• Audrey Cochran

A Case for Friendship

Read: 1 Corinthians 13, Colossians 3:12-14, Proverbs 18:24

We can all think back to that friend from our treehouse days that we swore to be best friends with forever. While we had no concept of forever or the amount of commitment this promise would require, there was this seemingly innate desire inside us to be together for as long as our little minds could possibly comprehend. It's the sleepless sleepovers, the continuous conversations, the song that's on repeat all night long. Even when we were young, we could tell that we had found something good, and we never wanted to let it go. But what do we do when the moment ends, when the challenge hits, when the hurt comes? While there's no one-size-fits-all answer, my young mind had decided there was such an answer. That answer was distance. I saw distance as a protector and a punisher. Defensively, distance helped me avoid conflict and suppress my feelings. Offensively, I used distance to help me in my efforts to make others feel just as terrible and helpless as I did. My choice of distance has cost me a lot of friendships over the years, even to the point where I hadn't held a close friendship with someone for more than a few years at a time.

I can still remember the first real fight I had with Dani. It was in our first apartment together. While I can't recall all the words that were said, I remember starting to build up my wall against her right then and there. Again, I chose to distance myself from a dear friend, at least as much as I could in a shared apartment. It wasn't long before our mutual friends noticed, but rather than taking sides, they fought for our friendship, even when we weren't willing. With their help, Dani and I started to learn what real and long-lasting friendship takes. The cost was higher than either of us bargained for and we had to decide if our friendship was worth it. With time, we boldly decided that we (the always late to the bus, workout avoiding, late-night talking, crafting, faith-building, low to no budget, cookie dough obsessed, Project Runway loving duo) were in fact worth every penny. My friendship with Dani has taught me so many things over the years, but one truth that particularly sticks out is that love endures all things. She has shown me that valuable and enduring friendship is possible--that it doesn't have to stop when the moment ends, or when the challenge hits, or when the hurt comes. We know and accept that life will throw us curveballs and that we will even throw some at each other. But we can forgive. We can learn. We can grow. Love endures all things.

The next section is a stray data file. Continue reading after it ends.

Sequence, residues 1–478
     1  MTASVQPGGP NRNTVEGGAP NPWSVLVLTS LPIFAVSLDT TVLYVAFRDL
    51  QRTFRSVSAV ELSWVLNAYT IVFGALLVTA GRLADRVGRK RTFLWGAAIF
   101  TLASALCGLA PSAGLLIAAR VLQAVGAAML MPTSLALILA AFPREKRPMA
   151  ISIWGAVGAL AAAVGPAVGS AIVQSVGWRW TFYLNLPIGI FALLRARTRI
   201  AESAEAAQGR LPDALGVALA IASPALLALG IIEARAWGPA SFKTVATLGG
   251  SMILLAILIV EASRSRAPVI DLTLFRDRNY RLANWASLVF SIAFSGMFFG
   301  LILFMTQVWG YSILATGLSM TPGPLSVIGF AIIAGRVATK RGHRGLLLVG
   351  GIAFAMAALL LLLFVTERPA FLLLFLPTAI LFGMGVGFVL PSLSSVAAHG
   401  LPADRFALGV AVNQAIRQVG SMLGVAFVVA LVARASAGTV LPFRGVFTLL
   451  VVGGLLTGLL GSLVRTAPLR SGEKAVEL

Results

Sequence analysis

"Love bears all things, believes all things, hopes all things, endures all things."

1 Corinthians 13:7, ESV

1 Corinthians 13 contains not only a description of love, but a blueprint for how God loves us. Think of the ways that God endures in His relationship with you, how He bears your burdens in patience and kindness. Loving others the way that God loves us is not easy, but it is what makes true and lasting friendship possible. If you haven't found this kind of friendship yet, don't give up striving and praying for it. And if you do have it, protect it. These friendships are worth fighting for, worth growing in, and worth celebrating.

Reflection Questions:

  1. What has your experience with friendships been like? What has God shown you and taught you through these experiences?

  2. How has God endured in His relationship with you? How has the way He's loved you influenced your relationship with Him?

  3. How can the love you show to your friends be more in line with the way God loves you (like we see in 1 Corinthians 13:4-7)?

  4. Think of your closest friends or the people who you'd like to develop close friendships with. How can you fight for, grow in, and/or celebrate these friendships?

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